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  • Carl Blanz

Today’s biggest problem that might not be a problem

Those of you in hospitality are painfully aware of the biggest obstacle to bringing your business back; people. Specifically, a lack of them.


In response, operators are raising pay, providing hiring incentives, profit sharing, implementing a new service charge distribution for non-tipped employees, even building housing. These are all great solutions, but due to the fact that the open positions are still not being filled, I wonder; is this even a problem to be solved?


One way to know you are at the end of problem solving is when you can define the pain you’re in, but solutions are no longer effective. You can’t yet see from here just how you’ll get to the other side of it. Solutions don’t solve, and there’s no expert here to rely on to fix it.


When problem solving comes to an end (meaning there are no solutions), the only thing left to do is adapt; to become something new that doesn’t need the problem to be solved.


From talks with hospitality leaders, here are a few assumptions about this challenge:

  • Hospitality wages and compensation have been deteriorating for at least 40 years

  • Plenty of other professions have been created in that time that pay better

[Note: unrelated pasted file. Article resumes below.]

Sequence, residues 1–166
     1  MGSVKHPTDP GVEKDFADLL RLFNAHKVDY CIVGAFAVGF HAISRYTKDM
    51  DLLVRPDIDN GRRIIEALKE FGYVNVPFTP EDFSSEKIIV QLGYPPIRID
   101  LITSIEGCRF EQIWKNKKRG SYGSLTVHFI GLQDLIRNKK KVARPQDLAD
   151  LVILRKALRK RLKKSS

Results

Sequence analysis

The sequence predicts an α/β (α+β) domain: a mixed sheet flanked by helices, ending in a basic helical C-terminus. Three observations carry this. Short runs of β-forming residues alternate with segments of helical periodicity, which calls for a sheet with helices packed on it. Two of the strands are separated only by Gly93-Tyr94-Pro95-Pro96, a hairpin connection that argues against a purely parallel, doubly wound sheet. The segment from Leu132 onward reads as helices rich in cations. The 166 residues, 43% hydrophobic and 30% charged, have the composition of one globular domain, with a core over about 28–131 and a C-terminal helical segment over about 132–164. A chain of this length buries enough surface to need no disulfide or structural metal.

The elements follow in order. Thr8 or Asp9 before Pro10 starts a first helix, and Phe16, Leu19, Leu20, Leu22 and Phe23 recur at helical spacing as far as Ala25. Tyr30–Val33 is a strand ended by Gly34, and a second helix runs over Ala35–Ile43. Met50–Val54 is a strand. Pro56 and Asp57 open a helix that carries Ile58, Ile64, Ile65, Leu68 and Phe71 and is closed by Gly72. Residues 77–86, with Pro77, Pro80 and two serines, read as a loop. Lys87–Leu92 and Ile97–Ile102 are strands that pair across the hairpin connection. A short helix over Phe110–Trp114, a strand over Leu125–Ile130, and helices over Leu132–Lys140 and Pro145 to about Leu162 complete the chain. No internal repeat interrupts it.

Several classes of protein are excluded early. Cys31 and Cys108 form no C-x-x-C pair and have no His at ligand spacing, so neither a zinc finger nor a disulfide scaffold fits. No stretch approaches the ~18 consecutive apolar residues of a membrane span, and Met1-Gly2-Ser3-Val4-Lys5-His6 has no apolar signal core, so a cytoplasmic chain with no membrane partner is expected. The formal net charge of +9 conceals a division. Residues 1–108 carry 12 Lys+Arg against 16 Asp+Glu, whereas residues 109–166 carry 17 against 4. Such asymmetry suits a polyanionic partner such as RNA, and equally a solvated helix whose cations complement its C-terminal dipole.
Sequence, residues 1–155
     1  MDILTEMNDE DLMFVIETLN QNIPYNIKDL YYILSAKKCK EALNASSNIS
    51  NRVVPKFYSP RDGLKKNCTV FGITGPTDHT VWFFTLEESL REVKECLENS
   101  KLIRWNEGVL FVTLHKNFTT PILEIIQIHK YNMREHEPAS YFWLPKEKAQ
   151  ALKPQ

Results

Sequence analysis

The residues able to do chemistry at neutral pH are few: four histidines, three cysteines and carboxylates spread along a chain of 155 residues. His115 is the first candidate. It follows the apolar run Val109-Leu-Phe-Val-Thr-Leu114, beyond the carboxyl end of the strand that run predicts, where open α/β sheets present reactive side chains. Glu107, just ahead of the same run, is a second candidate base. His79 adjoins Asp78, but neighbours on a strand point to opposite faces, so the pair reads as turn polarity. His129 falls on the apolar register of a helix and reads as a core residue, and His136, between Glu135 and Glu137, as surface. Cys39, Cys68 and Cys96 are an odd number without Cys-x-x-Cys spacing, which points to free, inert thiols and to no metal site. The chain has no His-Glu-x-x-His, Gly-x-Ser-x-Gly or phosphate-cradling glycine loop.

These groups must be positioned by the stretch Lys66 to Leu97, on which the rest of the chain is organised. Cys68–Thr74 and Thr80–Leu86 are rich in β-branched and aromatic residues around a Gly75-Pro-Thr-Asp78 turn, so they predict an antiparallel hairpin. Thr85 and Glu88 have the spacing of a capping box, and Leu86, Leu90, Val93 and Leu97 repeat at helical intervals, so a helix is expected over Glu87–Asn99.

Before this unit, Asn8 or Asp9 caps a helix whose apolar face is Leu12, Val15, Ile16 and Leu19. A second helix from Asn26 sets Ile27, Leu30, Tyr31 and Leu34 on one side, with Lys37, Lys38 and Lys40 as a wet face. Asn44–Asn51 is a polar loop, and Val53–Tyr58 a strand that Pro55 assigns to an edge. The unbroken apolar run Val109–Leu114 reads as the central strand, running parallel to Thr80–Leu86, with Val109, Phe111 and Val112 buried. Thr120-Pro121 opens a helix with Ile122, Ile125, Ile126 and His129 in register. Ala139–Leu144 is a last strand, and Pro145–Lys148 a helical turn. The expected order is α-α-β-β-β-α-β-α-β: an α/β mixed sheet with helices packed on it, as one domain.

• Many in the current workforce are not dedicated to a job, and are more interested in having experiences, including a job

  • People have had an opportunity to not work for a long time in where they have evaluated their life prospects after COVID, and the hospitality industry’s lifestyle and pay no longer look like a fair exchange for their commitment to it


I’m willing to be wrong about this. It is possible that come October, when the unemployment benefits go back to the pre-pandemic level, the workforce will come back to its senses and we’ll be right back where we were pre-COVID.


The question for operators is: would you even want that? If I remember right, there were the same struggles, just to a lesser degree.


Either way, now may be the time to begin adapting and becoming a different version of your business. And the labor shortage is a rich challenge, waiting for us to adapt to it.


From solutions to…?


Starting with the end in mind, let’s look at the end of a problem. Pretty simple- a solution. That’s how you know you’re dealing with a problem, because it can be solved, the thing that brings it to an end is a solution.


Looking at the end of an adaptive challenge, what we see is a new version of ourselves, one that doesn’t need the problem to be solved, because we’ve adapted to the situation. The action of adaptation is: Experiments + Time.


This should cause a little relief. Trying to come up with a technical solution to an adaptive challenge is like washing your hands in dirty water. It’s just not the right application to the challenge. At least now, in order to overcome the low employment challenge, we know that we will need to conduct experiments over time.


Converting the solutions above into experiments…


Solutions from then paragraph above:


  • Raising pay

  • Providing hiring incentives

  • Profit sharing

  • Service charge distribution to all employees

  • Building affordable housing


As solutions, either these fix the problem or not. If not, we’re left feeling disempowered, with the realization that we have to come up with something better and by then, precious time will have passed.